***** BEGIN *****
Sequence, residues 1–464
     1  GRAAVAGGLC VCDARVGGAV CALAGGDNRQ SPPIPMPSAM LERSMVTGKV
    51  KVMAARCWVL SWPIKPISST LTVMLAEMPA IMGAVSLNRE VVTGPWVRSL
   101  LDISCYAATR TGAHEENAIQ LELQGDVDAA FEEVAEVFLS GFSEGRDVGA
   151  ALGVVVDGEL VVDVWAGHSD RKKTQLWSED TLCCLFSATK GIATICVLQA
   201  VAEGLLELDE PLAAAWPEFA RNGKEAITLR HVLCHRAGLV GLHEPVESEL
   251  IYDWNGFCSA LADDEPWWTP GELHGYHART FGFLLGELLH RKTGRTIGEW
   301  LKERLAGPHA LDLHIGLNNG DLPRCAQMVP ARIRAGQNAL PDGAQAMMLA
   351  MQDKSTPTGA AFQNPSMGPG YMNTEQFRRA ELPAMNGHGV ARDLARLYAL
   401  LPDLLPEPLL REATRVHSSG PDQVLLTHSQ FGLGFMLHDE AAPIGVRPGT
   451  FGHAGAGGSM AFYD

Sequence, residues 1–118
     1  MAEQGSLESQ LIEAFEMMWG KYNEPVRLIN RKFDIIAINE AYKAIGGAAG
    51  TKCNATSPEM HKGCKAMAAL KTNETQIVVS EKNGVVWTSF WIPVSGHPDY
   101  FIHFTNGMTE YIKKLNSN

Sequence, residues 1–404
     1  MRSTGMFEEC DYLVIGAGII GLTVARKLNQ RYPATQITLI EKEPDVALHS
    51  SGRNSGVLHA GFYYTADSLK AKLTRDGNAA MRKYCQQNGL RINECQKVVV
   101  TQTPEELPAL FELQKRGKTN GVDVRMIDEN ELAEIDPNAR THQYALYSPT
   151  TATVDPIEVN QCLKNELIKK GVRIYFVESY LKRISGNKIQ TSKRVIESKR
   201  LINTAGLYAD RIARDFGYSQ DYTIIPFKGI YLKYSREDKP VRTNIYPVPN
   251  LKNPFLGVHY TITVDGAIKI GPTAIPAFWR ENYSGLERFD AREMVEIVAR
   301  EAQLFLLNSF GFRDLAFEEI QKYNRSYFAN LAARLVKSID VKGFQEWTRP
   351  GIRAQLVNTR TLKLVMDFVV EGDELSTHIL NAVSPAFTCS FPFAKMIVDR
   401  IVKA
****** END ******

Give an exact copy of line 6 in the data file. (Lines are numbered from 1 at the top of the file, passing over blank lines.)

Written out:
   201  VAEGLLELDE PLAAAWPEFA RNGKEAITLR HVLCHRAGLV GLHEPVESEL